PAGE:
Gratitudes for 2020

On the eve of Thanksgiving 2020, I am grateful. 

I am grateful for my husband, my family, my team members, my friends. I am grateful for my health, for the roof over my head, for the food on my plate. I am grateful to still have a brand to nurture, to still have a job. 

I am also grateful for some very “2020 specific” people and things, which have made this “unprecedented” (may I never hear this word again) year not only a teaching year, but an interesting, and sometimes yes, even enjoyable, year. Here is my “special 2020 gratitude list.” 

  1. Thank you Black Lives Matter activists. For teaching me about systematic racism, white privilege, white supremacy, and what I can do differently. 
  2. Thank you Garrett Graff. For the books you have written (The Only Plane in the Sky remains my top book of 2020), but even more for the various articles you have written on the state of our country in 2020 which have helped me understand. Two stand out: this one from March in The Atlantic and the one from earlier this month in Wired Magazine that helped me better understand my adopted country.
  3. Thank you to my friends who have different political opinions than mine. While I do not agree with you, you expand my thinking and contribute to my understanding of what is important to people. 
  4. Thank you Hitha Palepu. I am grateful for your content, ranging from 5 Smart Reads to your book recommendations. I am grateful for the playlists you share. I am grateful that you love my skin care brand. 
  5. Thank you Victoria Hislop. I have consumed your books anytime I have needed to go back to Greece in my head (which has been quite often lately…). 
  6. Thank you The Weeknd. You are my 2020 soundtrack. Thanks to you, I got out of bed when I didn’t want to, I ran faster when I wanted to quit, and I danced when I needed to. 
  7. Thank you to my three passports. I have sometimes taken you for granted, even forgotten I had you. But not this year. Not this year. 
  8. Thank you Universe. You sent me two adorable sister kittens in mid-April. They have been my favorite pandemic-coping strategy. You knew what I needed even before I did. 

A Different Kind of Thanksgiving

Months ago, my husband and I made plans to travel to Morro Bay for Thanksgiving, to spend it with my mother-in-law, and brother-in-law and his family. We had planned a big Easter gathering there, and well, that was obviously cancelled. So we would make up for Easter by spending Thanksgiving together, six people, socially-distanced, eating in the garden.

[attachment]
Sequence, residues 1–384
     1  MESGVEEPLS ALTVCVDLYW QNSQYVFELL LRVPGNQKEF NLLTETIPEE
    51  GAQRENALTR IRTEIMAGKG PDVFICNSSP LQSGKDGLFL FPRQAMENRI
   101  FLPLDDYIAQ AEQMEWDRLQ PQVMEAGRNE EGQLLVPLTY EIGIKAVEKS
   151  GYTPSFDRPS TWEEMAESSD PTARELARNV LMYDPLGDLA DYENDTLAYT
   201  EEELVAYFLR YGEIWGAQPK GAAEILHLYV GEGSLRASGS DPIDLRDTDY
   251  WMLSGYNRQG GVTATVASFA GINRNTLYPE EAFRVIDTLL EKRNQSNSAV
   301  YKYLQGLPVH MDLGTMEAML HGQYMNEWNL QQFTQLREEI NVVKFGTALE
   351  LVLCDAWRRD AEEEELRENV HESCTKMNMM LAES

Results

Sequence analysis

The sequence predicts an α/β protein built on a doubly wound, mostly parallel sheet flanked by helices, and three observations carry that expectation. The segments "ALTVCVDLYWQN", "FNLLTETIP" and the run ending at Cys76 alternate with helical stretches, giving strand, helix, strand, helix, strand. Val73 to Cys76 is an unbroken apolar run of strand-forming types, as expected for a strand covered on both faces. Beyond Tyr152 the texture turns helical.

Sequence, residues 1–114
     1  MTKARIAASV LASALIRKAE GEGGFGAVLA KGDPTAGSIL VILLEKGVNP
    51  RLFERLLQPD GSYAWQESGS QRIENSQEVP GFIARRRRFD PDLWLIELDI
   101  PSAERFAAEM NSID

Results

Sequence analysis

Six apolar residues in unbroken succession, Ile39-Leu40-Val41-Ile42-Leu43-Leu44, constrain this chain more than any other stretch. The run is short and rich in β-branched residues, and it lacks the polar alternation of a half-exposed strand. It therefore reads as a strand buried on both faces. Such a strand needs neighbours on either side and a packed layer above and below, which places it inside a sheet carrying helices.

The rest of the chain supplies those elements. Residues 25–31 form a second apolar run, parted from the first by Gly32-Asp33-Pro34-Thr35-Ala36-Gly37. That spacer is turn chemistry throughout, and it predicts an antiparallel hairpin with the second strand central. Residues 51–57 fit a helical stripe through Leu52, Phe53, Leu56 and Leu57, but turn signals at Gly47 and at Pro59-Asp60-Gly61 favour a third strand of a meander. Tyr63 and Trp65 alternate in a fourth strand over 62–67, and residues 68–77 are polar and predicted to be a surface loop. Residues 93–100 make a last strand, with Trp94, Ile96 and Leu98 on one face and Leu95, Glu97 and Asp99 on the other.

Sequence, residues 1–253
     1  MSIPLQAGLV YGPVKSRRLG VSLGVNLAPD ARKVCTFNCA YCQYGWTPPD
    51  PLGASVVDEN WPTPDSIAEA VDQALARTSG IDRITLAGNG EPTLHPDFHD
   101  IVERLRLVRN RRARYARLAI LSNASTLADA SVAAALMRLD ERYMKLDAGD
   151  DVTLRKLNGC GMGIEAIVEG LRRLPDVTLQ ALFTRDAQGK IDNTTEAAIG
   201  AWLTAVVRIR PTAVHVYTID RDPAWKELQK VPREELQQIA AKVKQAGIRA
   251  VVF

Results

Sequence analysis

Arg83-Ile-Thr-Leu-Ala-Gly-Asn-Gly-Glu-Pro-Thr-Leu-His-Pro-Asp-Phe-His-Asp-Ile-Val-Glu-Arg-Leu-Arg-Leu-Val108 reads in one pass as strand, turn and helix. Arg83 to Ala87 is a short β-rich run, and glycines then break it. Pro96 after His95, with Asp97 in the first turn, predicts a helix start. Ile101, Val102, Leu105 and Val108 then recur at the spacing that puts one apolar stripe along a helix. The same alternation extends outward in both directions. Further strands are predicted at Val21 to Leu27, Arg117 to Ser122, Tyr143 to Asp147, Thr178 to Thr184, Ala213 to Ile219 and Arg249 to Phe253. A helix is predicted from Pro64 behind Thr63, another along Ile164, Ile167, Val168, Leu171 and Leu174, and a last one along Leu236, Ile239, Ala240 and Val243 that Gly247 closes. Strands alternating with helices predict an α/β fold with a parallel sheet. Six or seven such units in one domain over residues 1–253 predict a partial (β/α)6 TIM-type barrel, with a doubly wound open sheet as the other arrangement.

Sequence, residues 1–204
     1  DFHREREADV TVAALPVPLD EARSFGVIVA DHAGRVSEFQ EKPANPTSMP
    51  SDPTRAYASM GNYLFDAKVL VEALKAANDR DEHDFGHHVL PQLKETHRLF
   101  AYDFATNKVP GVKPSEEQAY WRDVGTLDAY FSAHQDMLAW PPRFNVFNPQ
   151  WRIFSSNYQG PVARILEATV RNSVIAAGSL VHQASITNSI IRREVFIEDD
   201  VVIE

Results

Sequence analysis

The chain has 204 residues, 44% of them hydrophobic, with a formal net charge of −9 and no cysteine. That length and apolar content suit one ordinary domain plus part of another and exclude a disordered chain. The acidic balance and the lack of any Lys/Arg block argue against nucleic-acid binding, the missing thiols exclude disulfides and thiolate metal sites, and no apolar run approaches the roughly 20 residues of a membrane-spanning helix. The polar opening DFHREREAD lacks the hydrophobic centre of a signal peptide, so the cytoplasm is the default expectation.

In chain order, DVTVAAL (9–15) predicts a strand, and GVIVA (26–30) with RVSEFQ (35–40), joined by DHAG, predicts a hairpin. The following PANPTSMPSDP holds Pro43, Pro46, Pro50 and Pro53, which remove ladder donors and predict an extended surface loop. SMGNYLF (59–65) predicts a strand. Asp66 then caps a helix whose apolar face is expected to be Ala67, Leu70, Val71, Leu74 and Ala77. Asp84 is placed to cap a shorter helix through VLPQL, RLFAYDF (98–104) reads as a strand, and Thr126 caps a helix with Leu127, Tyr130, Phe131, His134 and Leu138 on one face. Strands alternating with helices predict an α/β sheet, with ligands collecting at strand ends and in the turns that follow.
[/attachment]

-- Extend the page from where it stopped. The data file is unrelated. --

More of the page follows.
Yesterday, we cancelled that plan. Indeed, it seems Thanksgiving as we know it is altogether cancelled this year. And as James Hamblin says in The Atlantic it should be: 

“This year is an opportunity to bond over the moral certainty of the moment. At its core, Thanksgiving is a nebulous day of atoning for the sins of colonialism by eating food and saying thank you. Now families and friends and communities can work together to achieve something meaningful and good: ending the pandemic. All you’re asked to do is eat food at home.”

Yes, I know this is the right decision. And yes, I wallowed in sadness for a moment yesterday. Why? Because I have to spend Thanksgiving in DC (a place I love), with “just” my husband (a man I love). Woe is me. 

Today, on my morning run, I made the decision to shift my perspective and think of this as a magical opportunity to do Thanksgiving a completely different way. So here’s what I am planning for the holiday weekend. 

Spending time helping others. Food and Friends, an organization I so admire, has amazing volunteering opportunities year-round, including meal delivery service on Thanksgiving Day. If anything can help me remember how lucky I am in my life and how much I have to be grateful for, this will do it. 

Sharing a romantic Thanksgiving meal “en tete a tete.” I will make the house sparkle and will set a beautiful table. I will dress up and wear heels and lipstick. I will light candles. And we will enjoy a takeout Thanksgiving dinner. A first, yes, but it’s not any takeout… 

Spending time outdoors. I have always wanted to hike Old Rag, and have officially run out of excuses to further delay this. Maybe we’ll even pack a picnic.